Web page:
By Jeffrey Muvundusi and Tendayi Madhomu
The family of the late Vice President Joshua Nkomo has described government as a “dead donkey” accusing it of delaying the erection of a statue in the capital honouring the former liberation struggle stalwart.
The much-loved Nkomo who died on July 1, 1999 had a statue built in Bulawayo as well as having a road and airport named after him in the same city.
However, his family is miffed by what it said were “inexplicable” delays in constructing another statue in the capital city, despite a commitment to do so by the then president Robert Mugabe’s government.
“No information about that project so far…there is no progress on plans to erect the late vice president’s statue in Harare.
“There is no communication whatsoever from anyone, particularly from government.
“The wheels of this government grind slowly. We need to go forward on a lot of current issues,” Nkomo’s son Sibangilizwe told the Daily News.
“Unfortunately, a dead donkey will not take us anywhere. The current political situation is not favourable. Everyone is not happy with this current administration.
“I doubt it very much that the current government is better (than the Mugabe administration)… it has not done anything to honour the late vice president,” Sibangilizwe railed.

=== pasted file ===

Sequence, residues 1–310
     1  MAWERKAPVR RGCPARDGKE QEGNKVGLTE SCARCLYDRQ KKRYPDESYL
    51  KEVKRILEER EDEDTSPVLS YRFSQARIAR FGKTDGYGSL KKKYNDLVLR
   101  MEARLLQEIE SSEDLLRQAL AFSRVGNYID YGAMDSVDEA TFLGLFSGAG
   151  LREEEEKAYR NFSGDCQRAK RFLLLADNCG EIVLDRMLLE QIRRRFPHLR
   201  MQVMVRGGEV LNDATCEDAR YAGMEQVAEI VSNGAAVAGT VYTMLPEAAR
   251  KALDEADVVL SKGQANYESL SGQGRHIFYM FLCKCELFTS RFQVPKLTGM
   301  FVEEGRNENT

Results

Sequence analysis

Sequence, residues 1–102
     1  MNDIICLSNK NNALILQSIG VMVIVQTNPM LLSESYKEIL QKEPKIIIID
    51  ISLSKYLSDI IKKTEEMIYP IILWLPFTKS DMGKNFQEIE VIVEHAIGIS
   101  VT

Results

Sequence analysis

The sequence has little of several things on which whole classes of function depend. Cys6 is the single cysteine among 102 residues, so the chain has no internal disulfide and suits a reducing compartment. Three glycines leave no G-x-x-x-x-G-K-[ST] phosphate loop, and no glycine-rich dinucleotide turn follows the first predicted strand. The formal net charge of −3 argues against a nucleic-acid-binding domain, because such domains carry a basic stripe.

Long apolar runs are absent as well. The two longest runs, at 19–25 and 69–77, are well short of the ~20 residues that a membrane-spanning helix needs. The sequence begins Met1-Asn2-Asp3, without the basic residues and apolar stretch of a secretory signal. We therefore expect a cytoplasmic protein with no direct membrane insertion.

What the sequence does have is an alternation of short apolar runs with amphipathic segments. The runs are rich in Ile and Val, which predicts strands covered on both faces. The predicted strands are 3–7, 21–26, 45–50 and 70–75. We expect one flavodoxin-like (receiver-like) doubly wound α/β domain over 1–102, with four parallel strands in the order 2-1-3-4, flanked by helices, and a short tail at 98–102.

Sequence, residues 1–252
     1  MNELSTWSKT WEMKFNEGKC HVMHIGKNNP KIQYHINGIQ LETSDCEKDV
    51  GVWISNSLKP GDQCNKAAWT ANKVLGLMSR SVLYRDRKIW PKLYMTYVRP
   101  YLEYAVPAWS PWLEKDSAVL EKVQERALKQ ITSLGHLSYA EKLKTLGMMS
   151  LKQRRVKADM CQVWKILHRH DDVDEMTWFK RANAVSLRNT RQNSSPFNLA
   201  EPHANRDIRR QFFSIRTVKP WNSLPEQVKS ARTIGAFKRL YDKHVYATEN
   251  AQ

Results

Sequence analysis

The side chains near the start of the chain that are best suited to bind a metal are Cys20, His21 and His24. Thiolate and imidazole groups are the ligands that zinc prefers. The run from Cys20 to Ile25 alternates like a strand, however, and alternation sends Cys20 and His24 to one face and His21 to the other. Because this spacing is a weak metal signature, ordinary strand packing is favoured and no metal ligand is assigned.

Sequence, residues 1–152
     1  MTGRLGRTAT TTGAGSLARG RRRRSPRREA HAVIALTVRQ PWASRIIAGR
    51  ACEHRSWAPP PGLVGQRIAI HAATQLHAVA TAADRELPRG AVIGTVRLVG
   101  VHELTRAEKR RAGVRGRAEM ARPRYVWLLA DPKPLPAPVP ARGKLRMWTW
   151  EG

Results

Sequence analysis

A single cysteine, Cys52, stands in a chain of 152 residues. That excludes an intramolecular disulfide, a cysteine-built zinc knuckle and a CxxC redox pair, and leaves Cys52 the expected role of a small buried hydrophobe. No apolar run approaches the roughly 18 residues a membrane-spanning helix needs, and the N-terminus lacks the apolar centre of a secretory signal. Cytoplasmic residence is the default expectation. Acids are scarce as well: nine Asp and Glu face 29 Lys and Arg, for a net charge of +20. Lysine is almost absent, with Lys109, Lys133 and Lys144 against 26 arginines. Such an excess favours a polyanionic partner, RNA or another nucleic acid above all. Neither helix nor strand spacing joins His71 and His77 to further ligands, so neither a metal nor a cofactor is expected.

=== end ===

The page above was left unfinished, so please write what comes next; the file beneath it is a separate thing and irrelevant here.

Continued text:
In 2011, the Mugabe-led government said it had plans to build a statue at Karigamombe Centre but it was stopped by the Nkomo family and other critics who felt the choice of the venue was “inappropriate”.
Karigamombe when loosely translated means one who brings down the bull or cow.
Incidentally, PF Zapu which Nkomo led before signing a unity accord with Zanu PF in December 1987 used a bull as its party symbol while his own surname means cows in SiNdebele.
Civic groups were also not happy with the plans after it emerged that government had wanted North Koreans to build the statue.
North Korea trained members of the 5th Brigade, a specialised army unit accused of killing more than 20 000 civilians in Matabeleland and Midlands during the Gukurahundi era in the early and mid-1980s.
Government honoured the late liberation icon with a “life-size” statue in Bulawayo which was unveiled in December 2013
Yesterday, the Dumiso Dabengwa-led Zapu accused President Emmerson Mnangagwa’s government of lacking political will to erect Nkomo’s statue in the capital.
“There is lack of political will and perpetuation of a tribal narrative that’s always been Zanu PF’s ideological foundation.
“Zanu PF cannot allow them to expose the people of the northern side of Zimbabwe to Nkomo’s legacy because Mugabe mischievously gave a misleading narrative of who Nkomo was.
“All Zanu PF pretenders are afraid of being dwarfed by the towering legacy of … Nkomo both as a liberation hero and a nationalist leader.
“That’s the same reason the Zanu PF government has sabotaged the Ekusileni Medical Centre,” said Zapu spokesperson Iphithule Maphosa.
“By erecting the statue in Harare more and more Zimbabweans will dig into history and discover who Nkomo really was and the tribal dictators in Harare can’t afford that as it will expose their lies being taught in schools disguised as history,” he added. DailyNews